The apparently well patient with chronically elevated aminotransferase levels
is a medical challenge. A knowledge of the differential diagnosis permits rational
investigation in such cases.
The causes of asymptomatic chronically elevated
aminotransferase activity include:
- alcohol abuse
chronic hepatitis: B and C
- steatosis and non-alcoholic steatosis
fatty liver disease (NAFLD) includes a wide spectrum of liver pathology, ranging
from fatty liver alone to the more severe nonalcoholic steatohepatitis (1)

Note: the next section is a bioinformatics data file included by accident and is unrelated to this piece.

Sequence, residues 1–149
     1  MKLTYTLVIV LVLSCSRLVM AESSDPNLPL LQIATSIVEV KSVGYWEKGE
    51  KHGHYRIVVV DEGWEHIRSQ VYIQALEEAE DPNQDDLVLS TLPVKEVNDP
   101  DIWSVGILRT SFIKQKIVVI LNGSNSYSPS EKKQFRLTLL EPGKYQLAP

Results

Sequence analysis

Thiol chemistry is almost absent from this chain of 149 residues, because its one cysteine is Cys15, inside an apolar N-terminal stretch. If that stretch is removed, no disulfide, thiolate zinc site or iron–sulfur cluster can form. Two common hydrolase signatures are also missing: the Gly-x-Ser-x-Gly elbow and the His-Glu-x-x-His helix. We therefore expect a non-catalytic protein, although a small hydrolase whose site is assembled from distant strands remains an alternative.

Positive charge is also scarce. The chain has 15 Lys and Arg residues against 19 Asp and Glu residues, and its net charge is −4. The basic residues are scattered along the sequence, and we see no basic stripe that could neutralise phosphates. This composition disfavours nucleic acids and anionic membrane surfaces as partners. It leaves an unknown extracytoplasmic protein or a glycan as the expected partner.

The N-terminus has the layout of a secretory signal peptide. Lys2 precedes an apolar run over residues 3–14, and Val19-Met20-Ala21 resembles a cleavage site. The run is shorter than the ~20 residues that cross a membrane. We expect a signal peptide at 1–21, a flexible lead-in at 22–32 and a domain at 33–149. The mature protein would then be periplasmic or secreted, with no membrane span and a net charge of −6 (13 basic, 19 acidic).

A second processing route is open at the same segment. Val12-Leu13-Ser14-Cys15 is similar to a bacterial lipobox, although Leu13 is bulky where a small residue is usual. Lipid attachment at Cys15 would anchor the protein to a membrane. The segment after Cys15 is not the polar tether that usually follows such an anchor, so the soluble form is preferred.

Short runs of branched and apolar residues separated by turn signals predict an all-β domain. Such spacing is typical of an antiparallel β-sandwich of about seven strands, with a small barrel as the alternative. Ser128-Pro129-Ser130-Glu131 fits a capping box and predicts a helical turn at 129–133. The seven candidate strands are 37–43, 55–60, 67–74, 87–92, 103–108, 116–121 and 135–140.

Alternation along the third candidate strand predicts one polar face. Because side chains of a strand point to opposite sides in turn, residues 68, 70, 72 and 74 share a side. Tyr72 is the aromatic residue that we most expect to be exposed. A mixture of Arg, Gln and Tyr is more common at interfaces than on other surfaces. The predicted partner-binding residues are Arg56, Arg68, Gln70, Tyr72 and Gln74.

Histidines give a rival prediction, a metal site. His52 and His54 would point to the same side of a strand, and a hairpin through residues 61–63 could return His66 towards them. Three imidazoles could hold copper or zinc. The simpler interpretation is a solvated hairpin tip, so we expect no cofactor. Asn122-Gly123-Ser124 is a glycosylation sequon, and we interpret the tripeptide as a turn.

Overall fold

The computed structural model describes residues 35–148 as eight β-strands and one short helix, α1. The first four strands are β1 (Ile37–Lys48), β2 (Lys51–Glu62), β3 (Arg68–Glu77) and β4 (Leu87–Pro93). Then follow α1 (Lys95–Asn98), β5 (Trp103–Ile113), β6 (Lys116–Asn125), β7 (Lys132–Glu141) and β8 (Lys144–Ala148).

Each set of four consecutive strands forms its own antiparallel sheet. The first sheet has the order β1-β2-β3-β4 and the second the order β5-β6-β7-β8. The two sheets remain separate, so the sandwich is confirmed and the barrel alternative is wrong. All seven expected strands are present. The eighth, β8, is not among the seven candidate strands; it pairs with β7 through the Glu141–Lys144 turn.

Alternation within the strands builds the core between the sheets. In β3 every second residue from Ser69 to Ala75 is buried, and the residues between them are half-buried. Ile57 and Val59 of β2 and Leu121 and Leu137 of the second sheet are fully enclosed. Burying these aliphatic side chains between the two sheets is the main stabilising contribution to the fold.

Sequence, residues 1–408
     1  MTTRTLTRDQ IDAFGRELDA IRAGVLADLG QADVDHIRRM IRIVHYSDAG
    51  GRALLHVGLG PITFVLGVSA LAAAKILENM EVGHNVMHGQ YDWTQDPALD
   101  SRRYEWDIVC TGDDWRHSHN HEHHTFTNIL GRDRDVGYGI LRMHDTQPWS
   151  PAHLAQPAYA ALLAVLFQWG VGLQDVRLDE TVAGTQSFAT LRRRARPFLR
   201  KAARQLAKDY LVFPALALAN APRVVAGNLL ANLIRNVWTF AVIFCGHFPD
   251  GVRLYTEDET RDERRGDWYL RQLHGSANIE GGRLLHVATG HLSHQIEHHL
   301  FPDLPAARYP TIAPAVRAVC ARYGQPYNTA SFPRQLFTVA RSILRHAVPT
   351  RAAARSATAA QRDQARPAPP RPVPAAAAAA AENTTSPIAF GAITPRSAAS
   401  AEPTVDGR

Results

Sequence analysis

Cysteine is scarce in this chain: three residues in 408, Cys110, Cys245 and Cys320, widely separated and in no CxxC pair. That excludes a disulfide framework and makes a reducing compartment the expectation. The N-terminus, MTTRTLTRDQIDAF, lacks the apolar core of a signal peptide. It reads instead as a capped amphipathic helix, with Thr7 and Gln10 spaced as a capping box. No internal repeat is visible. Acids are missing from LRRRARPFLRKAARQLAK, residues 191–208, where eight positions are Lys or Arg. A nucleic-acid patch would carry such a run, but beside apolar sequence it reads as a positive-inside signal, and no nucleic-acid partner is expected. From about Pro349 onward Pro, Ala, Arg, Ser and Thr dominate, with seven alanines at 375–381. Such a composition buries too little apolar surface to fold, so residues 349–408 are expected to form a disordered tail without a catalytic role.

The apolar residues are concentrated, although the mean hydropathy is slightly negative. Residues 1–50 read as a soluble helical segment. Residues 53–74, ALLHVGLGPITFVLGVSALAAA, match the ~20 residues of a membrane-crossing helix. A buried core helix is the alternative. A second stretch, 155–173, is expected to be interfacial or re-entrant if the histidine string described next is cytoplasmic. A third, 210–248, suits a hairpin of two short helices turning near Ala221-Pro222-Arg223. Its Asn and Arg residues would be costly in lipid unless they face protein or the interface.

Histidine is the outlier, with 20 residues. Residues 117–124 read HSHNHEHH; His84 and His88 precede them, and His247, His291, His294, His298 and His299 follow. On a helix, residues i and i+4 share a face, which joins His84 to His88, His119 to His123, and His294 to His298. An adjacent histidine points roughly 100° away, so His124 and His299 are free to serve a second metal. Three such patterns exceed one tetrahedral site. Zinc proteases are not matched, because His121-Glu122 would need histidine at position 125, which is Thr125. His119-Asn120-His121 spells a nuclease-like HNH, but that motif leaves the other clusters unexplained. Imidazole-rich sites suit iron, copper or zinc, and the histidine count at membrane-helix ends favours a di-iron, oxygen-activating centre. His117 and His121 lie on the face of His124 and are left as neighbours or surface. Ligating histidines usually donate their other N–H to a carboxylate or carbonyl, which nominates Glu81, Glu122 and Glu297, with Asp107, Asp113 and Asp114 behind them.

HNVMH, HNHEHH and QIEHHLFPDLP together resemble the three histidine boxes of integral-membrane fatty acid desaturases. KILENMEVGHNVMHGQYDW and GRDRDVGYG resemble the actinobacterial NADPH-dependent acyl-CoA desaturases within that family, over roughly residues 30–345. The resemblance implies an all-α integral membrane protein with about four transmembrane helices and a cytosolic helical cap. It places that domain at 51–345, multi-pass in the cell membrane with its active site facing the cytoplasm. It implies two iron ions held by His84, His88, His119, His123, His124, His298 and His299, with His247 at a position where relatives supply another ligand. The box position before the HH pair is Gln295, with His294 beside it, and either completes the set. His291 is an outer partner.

is the most common cause of chronically elevated LFTs in the United States in
both diabetic and nondiabetic individuals
- with respect to patients with
NAFLD, 60-95% are obese, 28-55% have type 2 diabetes, and 20-92% have hyperlipidemia
- autoimmune hepatitis
- alpha1-antitrypsin deficiency
- coeliac disease
- inherited and acquired muscle
P. Nonalcoholic fatty liver disease. N Engl J Med 2002;346: 1221-31.
EH.Elevated Liver Function Tests in Type 2 Diabetes.Clinical Diabetes 2005; 23:115-119.